External Appearance

The 650W version of the BitFenix Formula Gold PSU is built inside an ATX-compliant chassis that is just 140 mm deep. Although none of the cables are modular, the designer tried to make the unit aesthetically unit via simple interventions. The fan cutout is rectangular instead of circular, with a finger guard to match. A round metallic badge with the company logo lays enclosed into the bars of the fan's guard, right above the engine. A satin black paint covers the chassis that is very well applied but also exceptionally prone to fingermarks. Decorative side stickers cover both the left and right side of the PSU. A large sticker with the electrical specifications and certifications of the PSU can be seen at the top side of the chassis.

The front and rear sides of the unit are textbook. A simple AC cable receptacle and an on/off switch can be seen at the perforated rear side of the PSU, with a large dead area below them that would normally be home to a company logo badge, but BitFenix decided to minimize visual interferences (and lower the manufacturing cost a bit). The front is entirely plain, with only a single opening where all of the cables are coming out from.


All of the unit's cables come out from a single port. The wires and connectors are all black, with flat, ribbon-like wires without any external covering for almost every cable. The only exception is the thick 24-pin ATX cable, which is made of simple wires that are enclosed into black nylon sleeving. A significant part of the 24-pin ATX cable is covered in heat shrink and appears to be curiously thick. That is because the heat shrink is hiding extra filtering capacitors for improved power quality, an approach that definitely helps but also makes the ATX cable very rigid and a nightmare during cable management.

Internal Design

Due to the standard 140 mm long chassis, the largest fan that can fit in the Formula Gold is an 120 mm one. The fan is supplied by MARTECH, a relatively reputable but not very popular Chinese manufacturer. Its part number is DF1202512SEMN and has a rifled sleeve bearing engine. Its maximum speed is about 2000 RPM, which is relatively high for a 120 mm fan and would make the PSU very loud if it were to work near its top speed.

A simple glance inside the Formula Gold reveals a familiar design. I am quite confident that the OEM behind the Formula Gold is Channel Well Technology (CWT), the same company behind the previous BitFenix Whisper M units. The platform of the Formula Gold is wholly different than that of the Whisper M, appearing to be yet another upgrade of the GPN platform that CWT first released many years ago, with many versions in between then and today.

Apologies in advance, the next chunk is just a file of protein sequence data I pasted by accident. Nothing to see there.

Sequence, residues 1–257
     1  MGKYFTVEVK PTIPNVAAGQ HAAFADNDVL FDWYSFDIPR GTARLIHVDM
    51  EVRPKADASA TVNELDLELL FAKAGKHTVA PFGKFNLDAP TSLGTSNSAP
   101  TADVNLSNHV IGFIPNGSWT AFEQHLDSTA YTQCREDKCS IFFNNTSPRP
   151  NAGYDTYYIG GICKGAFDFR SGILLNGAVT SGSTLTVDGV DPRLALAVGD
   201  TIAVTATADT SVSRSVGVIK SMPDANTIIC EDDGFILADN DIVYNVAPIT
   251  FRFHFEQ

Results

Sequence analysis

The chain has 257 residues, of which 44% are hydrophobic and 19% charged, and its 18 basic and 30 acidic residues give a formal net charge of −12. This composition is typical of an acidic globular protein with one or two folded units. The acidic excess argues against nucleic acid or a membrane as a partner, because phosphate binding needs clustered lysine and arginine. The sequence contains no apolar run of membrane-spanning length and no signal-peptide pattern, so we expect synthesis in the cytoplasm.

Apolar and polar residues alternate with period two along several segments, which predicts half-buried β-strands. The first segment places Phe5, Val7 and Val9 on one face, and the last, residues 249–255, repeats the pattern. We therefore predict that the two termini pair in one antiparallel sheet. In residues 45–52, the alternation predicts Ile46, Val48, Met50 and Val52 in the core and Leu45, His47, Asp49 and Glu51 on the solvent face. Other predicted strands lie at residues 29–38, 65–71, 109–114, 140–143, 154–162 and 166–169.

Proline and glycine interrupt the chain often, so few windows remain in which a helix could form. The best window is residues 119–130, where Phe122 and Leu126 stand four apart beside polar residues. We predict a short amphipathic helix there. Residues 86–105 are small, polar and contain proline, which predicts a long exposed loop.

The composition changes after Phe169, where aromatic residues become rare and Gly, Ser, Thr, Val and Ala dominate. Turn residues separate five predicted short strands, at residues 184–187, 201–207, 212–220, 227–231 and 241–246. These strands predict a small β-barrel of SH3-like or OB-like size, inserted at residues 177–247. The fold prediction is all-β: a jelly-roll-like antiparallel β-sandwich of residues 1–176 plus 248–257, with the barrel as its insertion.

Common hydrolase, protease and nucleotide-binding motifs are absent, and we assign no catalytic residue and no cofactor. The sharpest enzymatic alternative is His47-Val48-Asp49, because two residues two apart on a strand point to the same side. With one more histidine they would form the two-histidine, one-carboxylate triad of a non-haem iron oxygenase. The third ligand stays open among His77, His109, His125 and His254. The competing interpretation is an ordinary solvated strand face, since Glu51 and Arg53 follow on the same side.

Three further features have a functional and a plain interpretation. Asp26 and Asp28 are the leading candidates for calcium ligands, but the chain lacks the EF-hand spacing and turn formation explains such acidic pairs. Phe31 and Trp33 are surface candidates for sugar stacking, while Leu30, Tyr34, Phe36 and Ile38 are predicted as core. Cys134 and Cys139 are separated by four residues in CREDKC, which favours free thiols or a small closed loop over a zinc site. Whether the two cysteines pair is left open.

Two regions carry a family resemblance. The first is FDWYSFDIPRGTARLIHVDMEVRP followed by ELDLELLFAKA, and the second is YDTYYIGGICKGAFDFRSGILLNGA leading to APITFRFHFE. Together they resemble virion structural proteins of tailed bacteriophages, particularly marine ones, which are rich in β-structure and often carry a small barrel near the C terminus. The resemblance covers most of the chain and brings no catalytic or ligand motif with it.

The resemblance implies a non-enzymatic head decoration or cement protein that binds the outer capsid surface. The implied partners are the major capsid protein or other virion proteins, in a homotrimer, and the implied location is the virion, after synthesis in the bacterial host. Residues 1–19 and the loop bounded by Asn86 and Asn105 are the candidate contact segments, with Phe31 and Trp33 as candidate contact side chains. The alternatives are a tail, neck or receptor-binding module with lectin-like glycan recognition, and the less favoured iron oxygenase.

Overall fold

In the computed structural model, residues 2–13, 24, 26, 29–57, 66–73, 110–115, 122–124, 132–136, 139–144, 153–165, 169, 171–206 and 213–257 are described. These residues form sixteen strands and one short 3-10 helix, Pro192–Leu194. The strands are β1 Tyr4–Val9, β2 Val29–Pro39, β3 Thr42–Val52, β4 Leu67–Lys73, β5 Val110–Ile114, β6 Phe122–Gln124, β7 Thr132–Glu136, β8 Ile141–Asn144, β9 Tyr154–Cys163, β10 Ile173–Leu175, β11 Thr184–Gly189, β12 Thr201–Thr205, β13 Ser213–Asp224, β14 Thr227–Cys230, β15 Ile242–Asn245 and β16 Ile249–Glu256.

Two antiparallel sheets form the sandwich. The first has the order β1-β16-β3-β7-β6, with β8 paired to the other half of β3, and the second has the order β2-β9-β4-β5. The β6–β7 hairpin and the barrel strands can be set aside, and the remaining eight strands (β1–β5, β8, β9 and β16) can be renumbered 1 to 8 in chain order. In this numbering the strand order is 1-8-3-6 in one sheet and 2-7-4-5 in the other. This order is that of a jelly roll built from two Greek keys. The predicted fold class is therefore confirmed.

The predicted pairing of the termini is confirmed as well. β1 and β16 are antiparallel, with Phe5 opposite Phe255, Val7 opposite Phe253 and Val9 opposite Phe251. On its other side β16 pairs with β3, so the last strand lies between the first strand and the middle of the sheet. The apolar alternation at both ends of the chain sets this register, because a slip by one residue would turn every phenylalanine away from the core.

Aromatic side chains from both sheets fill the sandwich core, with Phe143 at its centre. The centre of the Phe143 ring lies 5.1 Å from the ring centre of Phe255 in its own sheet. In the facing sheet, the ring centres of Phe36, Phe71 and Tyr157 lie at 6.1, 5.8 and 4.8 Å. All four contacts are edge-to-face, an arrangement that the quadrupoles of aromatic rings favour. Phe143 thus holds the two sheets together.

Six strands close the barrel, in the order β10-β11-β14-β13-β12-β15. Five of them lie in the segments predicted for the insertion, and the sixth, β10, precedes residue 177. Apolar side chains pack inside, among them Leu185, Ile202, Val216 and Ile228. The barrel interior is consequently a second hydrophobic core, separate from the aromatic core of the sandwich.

The filtering stage of the Formula Gold begins at the rear of the AC receptacle, where we see two Y capacitors and one X capacitor. Two more Y capacitors and one more X capacitor, as well as two filtering inductors and a surge-suppressing MOV can be seen on the main PCB, summing up to a textbook filtering stage. The large heatsink across the right side of the unit holds the single bridge rectifier, the active components of the APFC stage, and the two MOSFETs of the primary inversion circuit. The APFC stage capacitor is supplied by RubyCon and is rated at 400V/680μF.

The primary inversion circuit is relatively simple, with two MOSFETs forming a half-bridge topology that is supported by an LLC resonant converter. The MOSFETs of the secondary side are on the underside of the PCB, with thin and tall heatsinks attached directly on the main PCB to provide cooling for them. The secondary conversion circuit generates only the 12V line, the 3.3V/5V lines are being derived via tertiary DC-to-DC converters. The secondary side electrolytic capacitors are all supplied by Nippon Chemi-Con, while the polymer capacitors inside the PSU are supplied by Nichicon. The capacitors in the ATX cable are supplied by Nippon Chemi-Con. All of the capacitors of the Formula Gold are supplied by Japanese manufacturers, just like BitFenix says they are.

Introduction, Packaging & Bundle Cold Test Results (Room Ambient Temperature)
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  • negar2000 - Sunday, June 17, 2018 - link

    thanks for the comment
  • rocky12345 - Monday, June 18, 2018 - link

    It looks like a fairly good entry level power supply that will not destroy your equipment at a decent price but I am sure there are other brands out there in the same price point that are just as good or better.

    I happen to like Seasonic & InWin power supplies since they both build their own power supplies. Unlike a lot of the others that also sell power supplies under their own names. Not saying any of them are bad or good but am saying I would just rather buy form the company that actually builds them and that's just my own thoughts & opinion on it.

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